European Coal and Steel Community

European Coal and Steel Community
See also

European Coal and Steel Community (ECSC), an international economic organization operating in the years 1951-2002. It was created on the basis of the Treaty of Paris, signed on April 18, 1951. six countries: Belgium, France, the Netherlands, Luxembourg, Germany and Italy. The draft treaty was presented on 9 May 1950 by the Minister of Foreign Affairs of France - Robert Schumann. It was based on transnational economic and political integration of Western European countries, with particular emphasis on joint coordination of coal and steel production.


Membership in the ECSC was integral to membership in the European Community (until 1992 in the European Economic Community) and membership in Euratom. The founding members were Belgium, France, the Netherlands, Luxembourg, Germany and Italy. In subsequent years, the following countries joined the ECSC: Denmark, Ireland and the United Kingdom (from 1973), Greece (from 1981), Spain and Portugal (from 1986) and Austria, Finland and Sweden (since 1995).


Despite two lost wars, Germany was the economic power of the Old Continent. For fear of security, their economic recovery was the main goal of the post-war countries in post-war Europe. France was looking for a chance to revive the industry, but was afraid of the return of aggression from the German state. The idea of transnational cooperation emerged. The ECSC was created as a result of the speech of the French Foreign Minister, Robert Schuman, with a declaration in which integration into joint coordination of coal and steel in the form of an international organization was proposed. It took place on 9 May 1950 and was directed to the governments of Belgium, France, the Netherlands, Luxembourg, Germany and Italy. The co-creator of the integration was Jean Monnet, who proposed a sectoral method aiming at the unification of Europe in the economic and political aspect. The Treaty establishing the European Coal and Steel Community was signed on 18 April 1951 in Paris for 50 years. Ratification by the parliaments of the founding countries was necessary. The binding force of the treaty took place on July 25, 1952. The seat of the ECSC was Luxembourg. The beginning of 1953 created a common market for coal, iron and steel. The treaty expired in 2002. The competencies of the dismantled institution were taken over by the European Community.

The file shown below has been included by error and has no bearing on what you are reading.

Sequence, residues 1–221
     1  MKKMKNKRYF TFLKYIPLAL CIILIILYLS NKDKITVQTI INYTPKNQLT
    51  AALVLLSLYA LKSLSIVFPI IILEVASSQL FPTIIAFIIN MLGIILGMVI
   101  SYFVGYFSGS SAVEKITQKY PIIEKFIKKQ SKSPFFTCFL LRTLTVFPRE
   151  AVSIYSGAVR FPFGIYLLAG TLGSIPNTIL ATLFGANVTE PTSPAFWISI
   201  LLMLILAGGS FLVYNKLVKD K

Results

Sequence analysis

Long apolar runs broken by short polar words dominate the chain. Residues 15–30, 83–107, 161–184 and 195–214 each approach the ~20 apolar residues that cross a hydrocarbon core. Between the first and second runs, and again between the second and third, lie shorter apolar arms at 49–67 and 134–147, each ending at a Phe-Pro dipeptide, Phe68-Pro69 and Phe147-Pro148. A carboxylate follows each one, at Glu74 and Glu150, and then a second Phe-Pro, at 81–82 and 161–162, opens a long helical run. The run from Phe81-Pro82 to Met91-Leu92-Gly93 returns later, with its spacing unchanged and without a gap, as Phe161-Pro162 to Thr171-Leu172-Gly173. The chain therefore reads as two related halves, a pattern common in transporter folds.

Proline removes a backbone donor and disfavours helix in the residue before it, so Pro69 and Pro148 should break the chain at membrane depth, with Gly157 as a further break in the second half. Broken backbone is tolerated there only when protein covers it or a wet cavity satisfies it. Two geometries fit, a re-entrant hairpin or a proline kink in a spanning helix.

• ensuring constant supplies of coal and steel in the common market, complying with the needs of other countries
  • care for uniform access to production sources for each user of the common market
  • ensuring the lowest possible price for coal and steel, maintaining the rules of competition and normal conditions for interest on the capital invested
  • creating conditions encouraging entrepreneurs to increase production capacity, while maintaining rational use of raw materials
  • striving for the development of international exchange as well as modernization of production
  • striving to increase the level of living and working conditions of employees in every branch of production dependent on the Community.


The main ECSC bodies were set up under the 7th article of the treaty establishing the organization.

  • High Authority - ECSC's main executive and executive body. The members were 9 people elected for 6 years who became international officers. Their duty was not to take actions that were contrary to the supranational nature of their position. The treaty made it impossible for members of the High Authority to conduct professional activities, both paid and free. This body implemented the treaty assumptions. In 1967, the governing bodies of the three European Communities were transformed into a Commission of the European Communities.
  • General Assembly - a parliamentary body composed of 78 delegates elected by the parliaments of member countries for a year. The allocation of seats on the basis of the 21st article was as follows: France, Germany, Italy for 18 members, Belgium and the Netherlands for 10 members, Luxembourg - 4 members. This body performed advisory functions. After 1958, the Roman treaties transformed this institution into a European Parliamentary Assembly.
  • Council of Ministers - a decision-making body. It was created at the request of the Benelux states, which aimed at weakening the powers of the management body, as well as harmonizing the activities undertaken by it. In the most important matters, the High Authority could make decisions only with the consent of the Council of Ministers. After 1957, this body was replaced by the Council of the European Communities.
  • Court of Justice - a judicial body with competence of a constitutional tribunal. In 1957, this institution took over the jurisdiction of three Communities.